This woman is dressed as if prepared for a gas attack, and this is not unusual. A high proportion of women wear face masks. (Men only do so if they are working in the streets.) Even in the middle of a national park. It seems disproportionate to the threat of dust; in fact I haven’t had to reach for the Ventolin since Bangkok. It’s as if they’ve taken the veil.
Randy, of Randy’s Book Exchange in Hoi An, was kind enough to bus me the notebook that I’d left in his shop a week ago. Even more kudos to him.
There are a lot of Russians here it seems. Several of the places have Russian menus, and two have Russian names. For the first time since I got to Vietnam, I’ve heard Russian being spoken.
One lot there aren’t any of in VN is Italians. In the book exchanges you see a lot of English books, plenty of German, Dutch, Nordic and Finnish, French, Russian, some Hebrew and Japanese. No Italian. I met one Italian couple in Hoi An. We chatted in Italian, which pleased me immensely. Where are the Italians? I asked. In Italy, they said. And it’s true: the Italians take domestic vacations while the Germans, Dutch and English head abroad.
16, 17, 18 May: In one of the earlier novels – Live and Let Die, at a guess – James Bond prepares for a daredevil amphibious mission by living in a beach house and swimming and running for a week. That it takes him only a week to get into shape is improbable, because Bond smokes upwards of 70 cigarettes and drinks half a bottle of vodka a day - much less than Fleming himself drank while running a publisher. (Bond has his own cigarettes made by Morland’s, with three gold bands at the filter, from his own blend of Balkan and Turkish tobacco. His prissy obsession with having the right clothes/car/café/cocktail is probably not unrelated to his sadistic/psychopathic tendencies. Indeed, he shares his brandmania with the narrator of American Psycho.) Anyway, I’ve done the same thing today and after two months of travelling in hot weather it feels great to get some exercise. If it takes high-tar Bond a week, I thought I’d try to maintain the regime for three days. But the big sand, great lumps of silica, blisters the soles of the feet; I can’t run on it a second time.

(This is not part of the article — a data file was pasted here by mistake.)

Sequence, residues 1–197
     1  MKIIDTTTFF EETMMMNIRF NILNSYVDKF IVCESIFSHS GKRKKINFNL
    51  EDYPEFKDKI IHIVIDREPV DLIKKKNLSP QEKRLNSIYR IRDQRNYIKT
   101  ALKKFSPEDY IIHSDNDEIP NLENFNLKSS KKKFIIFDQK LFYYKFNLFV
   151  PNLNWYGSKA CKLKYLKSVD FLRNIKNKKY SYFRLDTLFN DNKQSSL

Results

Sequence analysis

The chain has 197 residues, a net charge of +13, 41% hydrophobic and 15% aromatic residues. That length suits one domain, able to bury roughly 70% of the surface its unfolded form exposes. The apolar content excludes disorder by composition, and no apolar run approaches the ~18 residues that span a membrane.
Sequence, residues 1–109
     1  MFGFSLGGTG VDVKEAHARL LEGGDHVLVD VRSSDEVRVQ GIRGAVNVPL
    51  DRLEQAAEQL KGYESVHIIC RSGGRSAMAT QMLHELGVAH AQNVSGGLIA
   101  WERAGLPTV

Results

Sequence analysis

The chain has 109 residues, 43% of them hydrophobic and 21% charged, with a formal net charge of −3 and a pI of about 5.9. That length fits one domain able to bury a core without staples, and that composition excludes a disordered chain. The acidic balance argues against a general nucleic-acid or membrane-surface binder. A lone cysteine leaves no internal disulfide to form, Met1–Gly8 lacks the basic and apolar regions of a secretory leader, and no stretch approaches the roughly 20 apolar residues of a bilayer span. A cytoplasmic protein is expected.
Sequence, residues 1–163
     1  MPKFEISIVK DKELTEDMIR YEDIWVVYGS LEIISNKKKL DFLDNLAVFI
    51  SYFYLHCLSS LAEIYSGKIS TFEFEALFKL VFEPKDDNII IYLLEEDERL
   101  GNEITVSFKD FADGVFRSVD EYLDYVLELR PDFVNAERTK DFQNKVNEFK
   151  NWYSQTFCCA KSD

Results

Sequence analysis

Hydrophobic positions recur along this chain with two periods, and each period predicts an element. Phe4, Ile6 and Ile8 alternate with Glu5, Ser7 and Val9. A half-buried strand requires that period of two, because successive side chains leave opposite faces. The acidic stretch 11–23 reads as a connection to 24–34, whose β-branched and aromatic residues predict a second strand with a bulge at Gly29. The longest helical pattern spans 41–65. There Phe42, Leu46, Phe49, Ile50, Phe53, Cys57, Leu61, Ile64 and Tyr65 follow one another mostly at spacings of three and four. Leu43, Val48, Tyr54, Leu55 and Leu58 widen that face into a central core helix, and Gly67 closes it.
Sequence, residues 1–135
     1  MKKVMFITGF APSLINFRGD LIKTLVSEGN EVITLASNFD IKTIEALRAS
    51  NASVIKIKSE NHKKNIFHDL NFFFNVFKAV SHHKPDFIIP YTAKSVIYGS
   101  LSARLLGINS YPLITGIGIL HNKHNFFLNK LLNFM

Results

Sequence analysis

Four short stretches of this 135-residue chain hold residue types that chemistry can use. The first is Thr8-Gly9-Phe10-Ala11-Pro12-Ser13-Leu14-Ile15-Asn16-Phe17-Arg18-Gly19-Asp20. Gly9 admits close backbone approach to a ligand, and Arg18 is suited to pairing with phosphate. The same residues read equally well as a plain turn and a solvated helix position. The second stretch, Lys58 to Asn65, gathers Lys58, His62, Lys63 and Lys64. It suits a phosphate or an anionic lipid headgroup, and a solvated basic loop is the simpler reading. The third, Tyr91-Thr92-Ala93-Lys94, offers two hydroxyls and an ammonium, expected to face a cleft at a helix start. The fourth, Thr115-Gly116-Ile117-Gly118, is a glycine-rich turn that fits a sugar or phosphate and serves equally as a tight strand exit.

The prices at the two beach restaurants are very high, particularly at the Sailing Club. 80,000 (nearly $5) for a plate of fried rice; 25,000 dong for a can of coke or a bottle of water - outrageous. Yet there is a good restaurant down the road, the Khanh Kat, selling food at normal prices: a mojito, a bottle of beer, seafood soup, fish-and-bacon kebabs and some fruit for 105,000 dong ($6.50). That the two beach restaurants can behave like local monopolists is testimony to the inertia of the average consumer, which creates the low price elasticity of demand that supports high profit margins.